It seems Elon Musk is not joining the Twitter Board of Directors after all.
Just over one week ago, CNBC had reported that the Tesla founder had secured a 9.2% passive stake in Twitter, making him the largest shareholder in the social media giant. The following day, The Hollywood Reporter revealed that Musk agreed not to purchase more than 14.9% of Twitter’s stock in exchange for a seat on Twitter’s Board of Directors.
Apparently, on Saturday, April 9, Musk decided that he would not like to join the Board of Directors after all, as per The Hollywood Reporter. By Tuesday, April 12, the outlet announced that the SpaceX founder was being sued by Twitter investors over his late disclosure.
Twitter Investors Sue Elon Musk Over Late Disclosure
As The Hollywood Reporter noted, Twitter shareholders have filed a proposed class-action lawsuit, in which they accuse Musk of profiting from his failure to notify financial regulators of his stake in the company.
Twitter investors claim that Musk’s decision not to notify financial regulators saved him approximately $143 million dollars, while they missed a chance to gain significant profits when Twitter shares surged in the past eleven days. The class-action lawsuit was filed on Tuesday in New York federal court.
The papers read, “Defendant had the obligation, ability, and opportunity to prevent the issuance of the false statements and omissions alleged herein. Because of his position as a 5% owner in Twitter, and access to material non-public information available to himself but not to the public, Defendant Musk knew that the adverse facts specified herein had not been disclosed to and were being concealed from the public and that the omissions being made were false and misleading.”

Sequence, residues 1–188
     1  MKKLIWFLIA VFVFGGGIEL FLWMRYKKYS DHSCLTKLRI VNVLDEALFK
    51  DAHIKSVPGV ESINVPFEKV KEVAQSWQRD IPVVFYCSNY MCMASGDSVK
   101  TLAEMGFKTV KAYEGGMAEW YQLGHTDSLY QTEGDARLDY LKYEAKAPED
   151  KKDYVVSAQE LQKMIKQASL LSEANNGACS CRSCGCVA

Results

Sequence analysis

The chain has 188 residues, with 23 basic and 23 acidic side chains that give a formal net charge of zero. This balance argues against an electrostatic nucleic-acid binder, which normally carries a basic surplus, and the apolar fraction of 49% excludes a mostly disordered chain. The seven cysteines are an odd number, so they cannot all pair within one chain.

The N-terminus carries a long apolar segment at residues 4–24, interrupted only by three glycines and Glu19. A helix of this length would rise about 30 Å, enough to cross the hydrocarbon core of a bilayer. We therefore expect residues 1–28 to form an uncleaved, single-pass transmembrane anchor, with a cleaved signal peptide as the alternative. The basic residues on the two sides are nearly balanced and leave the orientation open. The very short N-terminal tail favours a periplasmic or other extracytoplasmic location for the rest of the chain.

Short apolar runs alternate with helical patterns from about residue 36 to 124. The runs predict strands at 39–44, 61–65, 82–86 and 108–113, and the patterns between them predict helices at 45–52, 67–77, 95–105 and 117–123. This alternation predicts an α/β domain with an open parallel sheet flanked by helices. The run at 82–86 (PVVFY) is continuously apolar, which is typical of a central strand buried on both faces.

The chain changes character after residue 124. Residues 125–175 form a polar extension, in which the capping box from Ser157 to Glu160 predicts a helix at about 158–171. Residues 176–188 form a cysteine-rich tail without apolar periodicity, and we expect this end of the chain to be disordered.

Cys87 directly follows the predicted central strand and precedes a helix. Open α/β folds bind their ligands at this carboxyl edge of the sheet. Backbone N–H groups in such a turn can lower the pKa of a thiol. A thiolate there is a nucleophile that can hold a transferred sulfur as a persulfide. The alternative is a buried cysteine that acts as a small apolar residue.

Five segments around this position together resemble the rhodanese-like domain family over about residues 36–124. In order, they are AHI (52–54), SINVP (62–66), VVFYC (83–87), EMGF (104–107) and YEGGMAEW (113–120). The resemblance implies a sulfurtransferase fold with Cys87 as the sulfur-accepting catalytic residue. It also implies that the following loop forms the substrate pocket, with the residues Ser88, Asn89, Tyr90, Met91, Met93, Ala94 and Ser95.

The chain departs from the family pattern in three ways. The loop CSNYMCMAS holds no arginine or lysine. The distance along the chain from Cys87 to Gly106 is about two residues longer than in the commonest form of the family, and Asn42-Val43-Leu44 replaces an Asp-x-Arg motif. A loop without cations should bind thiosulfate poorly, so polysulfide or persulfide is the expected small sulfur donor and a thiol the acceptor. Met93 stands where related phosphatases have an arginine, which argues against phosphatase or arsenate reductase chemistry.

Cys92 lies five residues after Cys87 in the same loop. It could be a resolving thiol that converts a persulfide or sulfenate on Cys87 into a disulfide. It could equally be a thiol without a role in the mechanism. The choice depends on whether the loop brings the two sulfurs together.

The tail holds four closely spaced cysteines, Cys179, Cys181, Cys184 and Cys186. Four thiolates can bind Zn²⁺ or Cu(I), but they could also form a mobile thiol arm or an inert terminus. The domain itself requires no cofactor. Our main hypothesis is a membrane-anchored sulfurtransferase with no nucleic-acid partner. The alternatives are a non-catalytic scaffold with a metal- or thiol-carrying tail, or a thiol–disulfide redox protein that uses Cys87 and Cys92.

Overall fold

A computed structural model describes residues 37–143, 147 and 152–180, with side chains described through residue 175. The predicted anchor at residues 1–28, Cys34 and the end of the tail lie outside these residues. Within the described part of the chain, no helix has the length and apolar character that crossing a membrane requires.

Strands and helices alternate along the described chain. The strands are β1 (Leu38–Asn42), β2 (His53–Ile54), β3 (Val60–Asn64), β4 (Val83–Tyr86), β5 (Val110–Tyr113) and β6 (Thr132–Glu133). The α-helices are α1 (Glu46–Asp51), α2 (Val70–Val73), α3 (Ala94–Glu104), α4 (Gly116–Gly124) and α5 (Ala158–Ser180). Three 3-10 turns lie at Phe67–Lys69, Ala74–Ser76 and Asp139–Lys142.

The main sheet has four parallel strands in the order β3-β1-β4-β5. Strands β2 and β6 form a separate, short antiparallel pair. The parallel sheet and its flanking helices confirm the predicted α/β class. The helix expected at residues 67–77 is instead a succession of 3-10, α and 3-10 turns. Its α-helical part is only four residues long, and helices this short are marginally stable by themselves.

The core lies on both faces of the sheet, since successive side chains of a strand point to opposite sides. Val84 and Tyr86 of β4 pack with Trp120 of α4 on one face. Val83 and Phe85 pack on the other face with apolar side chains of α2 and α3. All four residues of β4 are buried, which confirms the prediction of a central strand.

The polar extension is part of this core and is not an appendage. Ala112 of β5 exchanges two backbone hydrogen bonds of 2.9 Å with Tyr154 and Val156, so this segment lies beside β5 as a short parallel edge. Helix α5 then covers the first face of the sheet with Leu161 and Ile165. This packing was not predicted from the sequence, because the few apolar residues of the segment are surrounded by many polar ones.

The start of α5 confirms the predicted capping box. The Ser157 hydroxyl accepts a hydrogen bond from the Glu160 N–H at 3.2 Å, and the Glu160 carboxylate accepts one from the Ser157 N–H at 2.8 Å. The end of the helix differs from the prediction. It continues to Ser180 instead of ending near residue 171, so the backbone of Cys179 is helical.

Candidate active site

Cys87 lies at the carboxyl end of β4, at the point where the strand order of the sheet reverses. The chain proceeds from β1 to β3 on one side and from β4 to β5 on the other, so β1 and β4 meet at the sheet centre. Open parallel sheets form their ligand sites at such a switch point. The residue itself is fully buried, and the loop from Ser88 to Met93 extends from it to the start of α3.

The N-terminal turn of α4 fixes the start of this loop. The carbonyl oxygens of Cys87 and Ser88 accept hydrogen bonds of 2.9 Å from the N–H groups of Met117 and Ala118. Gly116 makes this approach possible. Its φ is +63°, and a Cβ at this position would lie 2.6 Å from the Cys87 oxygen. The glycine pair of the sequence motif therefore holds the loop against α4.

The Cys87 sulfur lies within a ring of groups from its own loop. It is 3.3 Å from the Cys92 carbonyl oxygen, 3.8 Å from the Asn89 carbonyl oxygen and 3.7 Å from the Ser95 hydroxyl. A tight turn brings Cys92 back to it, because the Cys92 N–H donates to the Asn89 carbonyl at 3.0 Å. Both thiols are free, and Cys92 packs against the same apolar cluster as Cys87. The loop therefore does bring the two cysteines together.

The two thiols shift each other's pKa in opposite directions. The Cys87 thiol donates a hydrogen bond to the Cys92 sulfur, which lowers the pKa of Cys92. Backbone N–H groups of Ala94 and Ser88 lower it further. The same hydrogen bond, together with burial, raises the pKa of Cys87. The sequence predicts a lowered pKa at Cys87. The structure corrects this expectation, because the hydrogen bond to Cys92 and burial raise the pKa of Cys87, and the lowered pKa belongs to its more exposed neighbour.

The lawsuit claims that Musk violated a federal securities law which claims that investors must disclose when they purchase at least five percent of a company. The lawsuit is representing Twitter investors who sold stock specifically between the date of March 24 and April 1.
Musk Started Acquiring Twitter Shares Long Before April
Although Musk only just now became the largest shareholder on the social media site, he had started acquiring Twitter shares back in January. Within four months, he had acquired a more than five percent ownership stake in the company. The lawsuit says that Musk was required to notify financial regulators of the change within ten days of passing that threshold, as per the Securities Exchange Act.
The lawsuit alleges that, not only did Musk fail to notify financial regulators, but he also continued to purchase shares in the company. He reportedly did not file financial disclosures until April 4, after he had acquired 9.1 percent of the company.
The acquisition made headlines and the Twitter stock surged. On April 1, shares were worth $39.31. After Musk disclosed his purchase to the Securities and Exchange Commission, they became worth $49.97, which is an almost 27% increase.
However, this is not the first time that Musk has openly ignored securities laws.
Elon Musk: ‘I Do Not Respect The SEC’
In 2018, Musk had said on “60 Minutes” that, “I want to be clear. I do not respect the SEC.”
That same year, he had settled charges from the SEC that accused him of misleading investors when he “erroneously” tweeted that he had secured enough funding to take Tesla private. As a result of the fallout of the tweet, Musk was required to step down as Tesla’s chairman. He also had to have his tweets approved by lawyers, as per the agreement.
On March 8, he filed a motion to overturn the part of the agreement that had his tweets reviewed by lawyers, claiming that he was only pressured to do so at the time to protect company shareholders.
In November, Musk also polled his Twitter followers on whether or not he should sell ten percent of his Tesla shares. This also caused wild market fluctuations and caused many to question the ethical nature of Musk’s tweets.